Modern grooms getting more involved in wedding decisions
When Frankie Quirin noticed the cakes from Oakmont Bakery as centerpieces at a recent reception, he told his fiancee, “We need to have these cakes at our wedding.”
“We don't need flowers on the tables, because flowers are a waste of money,” he told his bride-to-be, Amanda Eremic. “The cakes are better.”
Quirin, like more and more grooms, has wanted to be involved in most of the decisions for the Brentwood couple's big day Aug. 15.
TheKnot.com says 95 percent of grooms are actively involved in the process, says Jamie Miles, managing editor. That number is up from 70 percent in 2007 for many reasons. Couples are marrying older — the average age for women is 29 and men, 31. Some couples have been living together and have made choices together already on other things. And the couples are paying for some or all of the wedding.
They should plan together, Miles says, because the wedding is a reflection of the couple's personality.
Wanting to help grooms navigate the wedding road, Eric San Juan, 42, of New Jersey, decided to write a book, “Stuff Every Groom Should Know” (Quirk, $9.95). Chapters include helping the groom with choosing the ring, budgeting for a wedding, a glossary of tuxedo terms, how to pick the best best man and 10 things every groom needs in his — or his best man's — pocket.
“This book is here for one reason and one reason only: to help ensure that everything from proposal to honeymoon goes as smoothly as possible,” he says. “I would like to have had this book when I was the groom. Knowing the details can help make the yearlong or longer wedding-planning process that much easier, and it takes off some of the pressure. “
It's not like the days when the grooms would turn all of the planning over to the bride, San Juan says. It is more about the couple. The Internet has really helped with the entire process, from dating to proposing to planning the wedding, reception and honeymoon to the rest of your married life together, he says.
It's like buying a new car. It's an investment, he says. Weddings are more expensive than ever, with the average cost of $31,213, according to TheKnot.com.
“It's a necessity that a groom be involved, because there is so much that goes into a wedding, and things can tend to go overboard if the groom is not involved,” says Quirin, 27. “Sometimes brides feel scrutinized for certain things they do or don't do at their wedding. But it should be how the two of you want it. And some healthy discussions are good. You need to discuss certain things because you will need to do that in life, not just during the engagement.”
Quirin and Eremic, 24, know about weddings. The couple will have attended 17 from last year to this year. One area in which they both went all out was the bridal party. He will have 13 in the party, counting himself, and she will have 11. They don't want to regret not asking someone.
“That's a good problem to have — lots of friends and family members,” she says.
Aire Plichta, who is engaged to Matt Reese, says if a couple plans the day together, it says something about their long-term relationship: If they have a united wedding, they will have a united marriage.
“He has surprised me and has been even more involved than I thought he was going to be,” Plichta says. “Even though people say, ‘It's the bride's day,' you are marrying the groom, so it is his day, too. I don't want him walking in that day thinking he is walking into Aire's party. It's our party.”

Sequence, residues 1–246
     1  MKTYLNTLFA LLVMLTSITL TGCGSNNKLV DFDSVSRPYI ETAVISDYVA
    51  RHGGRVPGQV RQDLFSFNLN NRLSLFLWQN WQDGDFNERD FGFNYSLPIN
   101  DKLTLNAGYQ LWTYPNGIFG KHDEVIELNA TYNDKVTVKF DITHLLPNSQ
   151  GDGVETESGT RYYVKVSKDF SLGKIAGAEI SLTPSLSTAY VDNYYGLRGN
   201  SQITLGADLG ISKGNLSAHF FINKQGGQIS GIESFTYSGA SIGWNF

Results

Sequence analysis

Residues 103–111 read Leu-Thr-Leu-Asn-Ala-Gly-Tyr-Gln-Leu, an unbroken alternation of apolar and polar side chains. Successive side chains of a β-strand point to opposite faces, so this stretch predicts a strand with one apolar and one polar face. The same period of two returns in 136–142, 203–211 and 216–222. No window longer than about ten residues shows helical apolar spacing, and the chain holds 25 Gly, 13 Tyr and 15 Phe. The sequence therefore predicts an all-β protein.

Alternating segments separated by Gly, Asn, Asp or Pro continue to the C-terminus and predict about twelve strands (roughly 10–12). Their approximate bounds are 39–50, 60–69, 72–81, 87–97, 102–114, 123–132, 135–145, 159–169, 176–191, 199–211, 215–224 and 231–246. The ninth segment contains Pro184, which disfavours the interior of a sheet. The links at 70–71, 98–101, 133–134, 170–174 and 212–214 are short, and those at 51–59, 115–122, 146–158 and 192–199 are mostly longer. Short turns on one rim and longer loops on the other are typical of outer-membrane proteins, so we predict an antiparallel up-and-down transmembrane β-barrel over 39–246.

There are times Plichta, 32, has to reel in Reese, 30. She prefers to keep it more classic, and he wants to add more fun.
Plichta is the creative director of the big day, Reese says, and he is the financial planner. They will marry Sept. 19.
“I would say to other grooms to be patient and supportive and make sure the smallest details aren't overlooked,” Reese says. “You also have to keep things in perspective and be able to read her nonverbal cues. Aire has taught me so much. She is definitely my better half.”
Dottie and Bob Miller, co-owners of Wedding Clickers, produce bridal shows throughout the year. The couple say more and more grooms are not only getting involved, they are pleasantly surprised at how much fun there is in planning.
“With so many more nontraditional venues and themes, the men are enjoying planning everything from the ceremony to the reception and honeymoon,” Dottie Miller says. “Because, this is a time in their lives that means a lot to them, too.”
The involvement and knowledge of the groom really depends on that person, says Ashley Moss Kurkiewicz, owner and event director for wedding planner Hello Productions, with locations in Pittsburgh and North Carolina. She has noticed an increase in appointments the grooms attend with the brides.
“Grooms can be picky about certain things about the wedding in particular, the invitations and, surprisingly, the linens,” she says. “Music and food ranks up there too, of course.”
The wedding is becoming more of a celebration of both the bride and the groom, says Erin Calvimontes, owner and president of Divine Celebrations, a bridal show company based in Highland Park. The wedding becomes the couple's first project in which they work together, budgeting and planning. They also learn to compromise.
“These days, many of our couples are paying for their own weddings, so we find both brides and grooms take a role in the planning,” Calvimontes says. “The grooms might take care of such things as all the food, music and transportation, while the brides might take care of flowers, decor and linens. Both will be attending the cake tasting!”
JoAnne Klimovich Harrop is a staff writer for Trib Total Media. She can be reached at firstname.lastname@example.org or 412-320-7889.